Jennifer and Stewart design and book every element of the tour, from where people would like to sit on the plane to theatre seating; hotels to dessert menus.

For a solo traveller, it can be a big job organising an itinerary, and some places are hard to find or access on your own.

“Securing good seats to performances overseas can be very tricky,” Jennifer says. “We take a lot of time to forge good relationships with venues and box offices so we know we can always get good seats at the La Scala Opera House for example.”

As performers, they know how to pace an audience experience.

“We’ve always allowed space and time to absorb what’s going on,” she says. “Whether it’s for listening to a performance or embarking on a trip of a lifetime, it’s a similar process. There needs to be variety, high-points, downtime.

“I guess we design our tours the way we like to travel,” she says.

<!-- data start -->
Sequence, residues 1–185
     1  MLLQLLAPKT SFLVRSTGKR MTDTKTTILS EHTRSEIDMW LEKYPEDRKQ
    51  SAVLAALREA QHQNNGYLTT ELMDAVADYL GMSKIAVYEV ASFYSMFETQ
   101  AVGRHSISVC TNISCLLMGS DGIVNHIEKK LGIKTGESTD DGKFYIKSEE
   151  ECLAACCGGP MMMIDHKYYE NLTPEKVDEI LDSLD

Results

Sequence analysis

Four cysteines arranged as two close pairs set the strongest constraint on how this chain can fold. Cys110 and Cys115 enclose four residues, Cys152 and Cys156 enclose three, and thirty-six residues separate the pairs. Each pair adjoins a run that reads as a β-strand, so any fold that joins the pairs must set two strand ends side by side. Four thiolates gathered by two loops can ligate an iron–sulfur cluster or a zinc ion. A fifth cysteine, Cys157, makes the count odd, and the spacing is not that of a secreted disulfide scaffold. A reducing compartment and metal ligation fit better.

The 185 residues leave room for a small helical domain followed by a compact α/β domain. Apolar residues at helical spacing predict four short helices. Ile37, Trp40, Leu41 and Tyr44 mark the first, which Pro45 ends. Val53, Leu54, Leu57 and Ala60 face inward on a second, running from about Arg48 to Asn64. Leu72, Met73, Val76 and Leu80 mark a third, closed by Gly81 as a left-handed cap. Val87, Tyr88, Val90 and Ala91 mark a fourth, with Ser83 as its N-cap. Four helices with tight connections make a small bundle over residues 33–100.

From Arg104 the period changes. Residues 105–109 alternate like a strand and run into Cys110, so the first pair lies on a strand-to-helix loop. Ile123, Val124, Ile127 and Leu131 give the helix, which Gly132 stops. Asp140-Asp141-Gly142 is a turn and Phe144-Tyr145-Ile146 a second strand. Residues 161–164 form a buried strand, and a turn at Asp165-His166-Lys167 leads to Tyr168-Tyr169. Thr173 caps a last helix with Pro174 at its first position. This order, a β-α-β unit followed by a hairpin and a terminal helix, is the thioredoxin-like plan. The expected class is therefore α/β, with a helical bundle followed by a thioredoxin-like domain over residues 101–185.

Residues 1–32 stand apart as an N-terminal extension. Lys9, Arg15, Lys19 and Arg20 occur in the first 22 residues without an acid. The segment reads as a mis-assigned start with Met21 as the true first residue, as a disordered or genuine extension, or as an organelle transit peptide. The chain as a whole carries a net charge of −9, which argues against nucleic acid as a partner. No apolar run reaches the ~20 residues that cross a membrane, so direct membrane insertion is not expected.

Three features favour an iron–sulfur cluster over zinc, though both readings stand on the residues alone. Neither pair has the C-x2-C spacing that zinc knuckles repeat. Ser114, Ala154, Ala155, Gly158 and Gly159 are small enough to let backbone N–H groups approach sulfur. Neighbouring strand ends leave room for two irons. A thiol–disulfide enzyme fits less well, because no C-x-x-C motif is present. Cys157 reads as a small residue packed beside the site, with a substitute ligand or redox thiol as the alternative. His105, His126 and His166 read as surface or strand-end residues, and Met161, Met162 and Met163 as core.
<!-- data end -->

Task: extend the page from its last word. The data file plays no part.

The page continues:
Penny Hegarty is a horticulturist, so for her guests that means not just trips to hidden gardens, but also useful advice from what will grow at home to customs regulations on seeds and cuttings.

“In Singapore you can buy orchid vials and bring them back. Between us we can buy different varieties and have a potting session and swap them when we get back,” she says.

“I can say, ‘don’t get that it won’t grow where you live’, and I know just what we can and can’t get through Customs. Along the way, we can also discuss their gardens at home and I can help with general gardening advice.”

She had been working as a tour director for a garden club leading tours mainly in Australia. Then, on a private trip to New Zealand, some of the members asked her if she was taking a tour there. She wasn’t but she gave it some thought, put her first tour together 15 years ago and the rest is history.